Sierra Leone: The Enduring Challenges of the Catholic Church in the Country

Jallomy — Forgiveness, reconciliation and restitution are key elements in the character and nature of the Catholic Church. We are taught to believe that the Catholic Church is universal in character and as such its applications and practices have universal acceptance and relevance. Today, more than ever before, the Catholic Church is challenged by the reality and permanent nature of change; and this is understood by the current papacy to the extent that reforms now being driven are sounding strange and shocking to the traditional segment of the Catholic Church. Pope Francis is phenomenal, decisive and abrupt in driving the process of change in the Catholic Church. He is taking the risk, many will say, to drive change in a largely predatory religious arrangement. Pope Francis is simply being wise by deeply understanding the changing global trends. He thinks that the only thing that is permanent is change and that stemming the tide of change can potentially and dangerously be counterproductive.

The Catholic Church has been in Sierra Leone for several decades and deeply rotted in the socio cultural lives of the people. The foot prints of the Catholic Church are obvious and visible on the sands of religion, education, health and livelihood opportunities. In a broader sense, the interventions of the Catholic Church help to consolidate our nationhood.

The Catholic Church in Sierra Leone is in transition. Today, we have four Dioceses in Sierra Leone: the Makeni, Freetown, Bo and Kenema Dioceses. Each of the four Dioceses with the exception of Makeni has a local and/or indigenous bishop. The Makeni Diocese has an Italian born bishop serving in the capacity of a care- taker bishop.

While the process of transition from Italian and/or expatriate bishops to local or indigenous bishops have been smooth and manageable in Freetown, Bo and Kenema; the same cannot be said about Makeni. The reasons for this are various and varied but fundamentally obvious and understandable. According to statics of 2014, the Diocese of Makeni has a total of 61 Diocesan and religious Priests as well as 40 female religious and with 25 Parishes. The Diocese of Makeni was first established in 1952 as an Apostolic Prefecture of the Archdiocese of Freetown and Bo. Ten years later in 1962, it was elevated to a Diocese with Bishop Augustus Azzolini as its first Bishop.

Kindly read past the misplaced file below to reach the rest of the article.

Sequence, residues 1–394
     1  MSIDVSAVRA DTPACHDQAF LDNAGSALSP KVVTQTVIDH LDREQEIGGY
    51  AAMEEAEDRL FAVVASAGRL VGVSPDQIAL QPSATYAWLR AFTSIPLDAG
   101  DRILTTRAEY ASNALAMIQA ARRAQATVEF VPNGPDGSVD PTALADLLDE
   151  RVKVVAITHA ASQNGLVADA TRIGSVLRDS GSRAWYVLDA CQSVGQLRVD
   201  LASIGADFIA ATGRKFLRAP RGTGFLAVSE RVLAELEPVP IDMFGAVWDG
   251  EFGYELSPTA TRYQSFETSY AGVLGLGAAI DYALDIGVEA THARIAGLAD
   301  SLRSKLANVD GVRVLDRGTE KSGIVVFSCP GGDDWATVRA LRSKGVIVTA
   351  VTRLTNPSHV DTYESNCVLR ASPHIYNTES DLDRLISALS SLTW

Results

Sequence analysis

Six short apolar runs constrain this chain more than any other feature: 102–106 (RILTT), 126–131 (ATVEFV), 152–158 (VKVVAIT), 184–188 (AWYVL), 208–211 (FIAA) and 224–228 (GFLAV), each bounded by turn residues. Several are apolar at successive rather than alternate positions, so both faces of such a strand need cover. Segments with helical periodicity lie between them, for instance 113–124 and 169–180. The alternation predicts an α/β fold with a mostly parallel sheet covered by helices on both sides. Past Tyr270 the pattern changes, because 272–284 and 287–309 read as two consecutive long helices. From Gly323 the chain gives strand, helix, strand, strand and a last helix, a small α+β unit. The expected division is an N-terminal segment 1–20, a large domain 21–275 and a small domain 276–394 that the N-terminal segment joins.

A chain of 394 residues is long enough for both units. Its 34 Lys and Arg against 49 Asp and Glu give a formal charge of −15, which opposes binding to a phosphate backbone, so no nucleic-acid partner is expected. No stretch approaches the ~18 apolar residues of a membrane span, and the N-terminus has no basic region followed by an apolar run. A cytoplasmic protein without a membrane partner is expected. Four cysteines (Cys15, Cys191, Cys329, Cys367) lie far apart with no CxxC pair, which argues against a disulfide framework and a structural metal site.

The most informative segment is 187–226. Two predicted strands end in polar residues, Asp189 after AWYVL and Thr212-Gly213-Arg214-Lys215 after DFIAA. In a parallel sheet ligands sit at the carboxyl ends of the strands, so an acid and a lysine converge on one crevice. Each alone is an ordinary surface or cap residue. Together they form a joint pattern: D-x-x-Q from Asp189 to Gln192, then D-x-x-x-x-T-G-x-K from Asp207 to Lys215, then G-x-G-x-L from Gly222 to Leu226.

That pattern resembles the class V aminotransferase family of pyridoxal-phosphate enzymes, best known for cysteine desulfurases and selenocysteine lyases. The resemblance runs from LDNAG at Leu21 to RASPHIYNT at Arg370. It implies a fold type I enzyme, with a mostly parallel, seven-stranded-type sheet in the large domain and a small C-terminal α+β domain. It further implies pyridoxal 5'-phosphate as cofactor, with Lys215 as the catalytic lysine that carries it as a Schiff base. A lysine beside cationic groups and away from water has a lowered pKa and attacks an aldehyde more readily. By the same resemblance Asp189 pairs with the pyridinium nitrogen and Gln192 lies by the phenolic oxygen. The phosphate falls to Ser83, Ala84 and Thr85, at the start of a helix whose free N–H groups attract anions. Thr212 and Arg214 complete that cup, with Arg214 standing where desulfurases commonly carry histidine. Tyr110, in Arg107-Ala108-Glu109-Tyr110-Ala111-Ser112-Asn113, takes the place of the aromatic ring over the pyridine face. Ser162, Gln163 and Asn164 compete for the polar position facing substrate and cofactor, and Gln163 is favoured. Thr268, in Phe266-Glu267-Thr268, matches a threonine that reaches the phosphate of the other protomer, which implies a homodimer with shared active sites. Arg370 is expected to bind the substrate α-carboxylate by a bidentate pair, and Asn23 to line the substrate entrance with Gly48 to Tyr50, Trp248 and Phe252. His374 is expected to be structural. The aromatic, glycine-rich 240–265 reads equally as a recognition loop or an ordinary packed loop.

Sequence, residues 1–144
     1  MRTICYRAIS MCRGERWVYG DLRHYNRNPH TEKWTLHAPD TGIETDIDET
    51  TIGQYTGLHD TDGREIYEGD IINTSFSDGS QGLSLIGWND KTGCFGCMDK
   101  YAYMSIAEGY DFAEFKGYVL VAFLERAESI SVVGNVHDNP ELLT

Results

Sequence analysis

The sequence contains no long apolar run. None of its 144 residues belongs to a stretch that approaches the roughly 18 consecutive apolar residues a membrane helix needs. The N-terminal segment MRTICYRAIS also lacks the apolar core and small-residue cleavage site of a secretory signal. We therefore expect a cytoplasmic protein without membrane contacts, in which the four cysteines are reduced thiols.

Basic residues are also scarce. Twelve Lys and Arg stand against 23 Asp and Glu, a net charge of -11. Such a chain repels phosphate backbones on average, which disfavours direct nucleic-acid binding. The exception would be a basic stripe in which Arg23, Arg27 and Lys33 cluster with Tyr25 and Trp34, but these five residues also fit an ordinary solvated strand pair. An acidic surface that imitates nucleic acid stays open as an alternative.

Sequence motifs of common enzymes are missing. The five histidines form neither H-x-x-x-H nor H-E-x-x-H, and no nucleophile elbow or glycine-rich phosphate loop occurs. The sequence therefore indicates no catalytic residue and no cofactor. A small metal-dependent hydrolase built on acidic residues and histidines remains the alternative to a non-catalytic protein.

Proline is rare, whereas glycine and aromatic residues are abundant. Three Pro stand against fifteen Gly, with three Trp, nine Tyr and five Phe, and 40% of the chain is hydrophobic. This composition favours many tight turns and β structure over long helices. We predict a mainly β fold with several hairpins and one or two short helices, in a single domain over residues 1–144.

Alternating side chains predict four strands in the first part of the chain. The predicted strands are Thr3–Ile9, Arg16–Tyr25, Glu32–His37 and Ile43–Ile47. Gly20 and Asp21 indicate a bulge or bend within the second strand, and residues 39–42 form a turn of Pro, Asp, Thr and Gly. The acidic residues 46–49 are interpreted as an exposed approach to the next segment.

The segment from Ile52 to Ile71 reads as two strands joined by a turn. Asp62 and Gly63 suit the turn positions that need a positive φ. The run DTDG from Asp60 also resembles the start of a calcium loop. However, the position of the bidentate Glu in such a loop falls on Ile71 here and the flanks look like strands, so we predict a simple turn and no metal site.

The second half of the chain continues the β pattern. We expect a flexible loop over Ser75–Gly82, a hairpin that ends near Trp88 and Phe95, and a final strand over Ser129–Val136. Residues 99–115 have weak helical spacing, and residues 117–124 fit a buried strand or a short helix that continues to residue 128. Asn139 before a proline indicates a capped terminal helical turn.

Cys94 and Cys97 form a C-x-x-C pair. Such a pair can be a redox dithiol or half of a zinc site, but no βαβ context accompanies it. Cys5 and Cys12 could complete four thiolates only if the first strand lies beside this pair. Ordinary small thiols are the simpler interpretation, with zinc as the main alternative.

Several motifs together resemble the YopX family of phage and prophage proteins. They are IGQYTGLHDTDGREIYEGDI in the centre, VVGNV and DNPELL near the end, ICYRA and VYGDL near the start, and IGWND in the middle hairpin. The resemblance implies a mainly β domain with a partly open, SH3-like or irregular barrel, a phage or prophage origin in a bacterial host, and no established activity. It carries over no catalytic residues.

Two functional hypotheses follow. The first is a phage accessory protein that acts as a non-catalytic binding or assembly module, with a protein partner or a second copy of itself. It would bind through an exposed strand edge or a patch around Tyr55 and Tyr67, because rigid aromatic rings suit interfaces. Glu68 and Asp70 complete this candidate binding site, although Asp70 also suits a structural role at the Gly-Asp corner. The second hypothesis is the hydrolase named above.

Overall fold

On January 07 2012 Pope Benedict xv1 accepted the resignation of the then Bishop of Makeni, Bishop Biguzzi when he reached the age limit of 75 years. Bishop Henry Aruna of the Diocese of Kenema, in the East of Sierra Leone, was chosen as new bishop of Makeni. Bishop Aruna was however not able to make his entry into the Diocese of Makeni for obvious and understandable reasons.

The reasons for the rejection of Bishop Henry Aruna as stated are many and varied but not far-fetched. What need to be cleared are the negative interpretations of the events. It is not about tribe or tribalism. It is not about region or regionalism. It is not about politics or political affiliations. Fundamentally, it is about fulfilling a basic Catholic Social principle of subsidiarity. It is about responding to the overwhelming preference of the affected congregation. The localized self-reliant church can be sustained if we enthroned the local of the locals. The composition of the Episcopal conference was already over saturated by one ethnic group and this was scary to the Makeni Diocese. This can be understood in a country with deep ethnic divide.

The entire transition was terribly mismanaged and questioned the ability of the Catholic Church to manage internal conflicts and resolving issues that are mostly interest based. The dust has settled but the problem remains large and can be best described as a festering wound.

Reconciliation remains a critical and enduring challenge of the Catholic Church in Sierra Leone. The leadership transition in the Makeni Diocese has ignited a division and a major crack in the Catholic Church in Sierra Leone.

The new Bishop Natalio Paganelli is struggling to have his feet firm on the ground. He is the symbol of reconciliation and should lead that process. The question is whether he has the chemistry of leadership to lead such a desired process. Already, he is starting on a bad note by dismantling effective existing structures established by his predecessor. Natalio is in the highly questionable process of hounding out the young and dynamic Director of Caritas Makeni: a young man who graduated Caritas Makeni from obscurity to prominence. We are watching.

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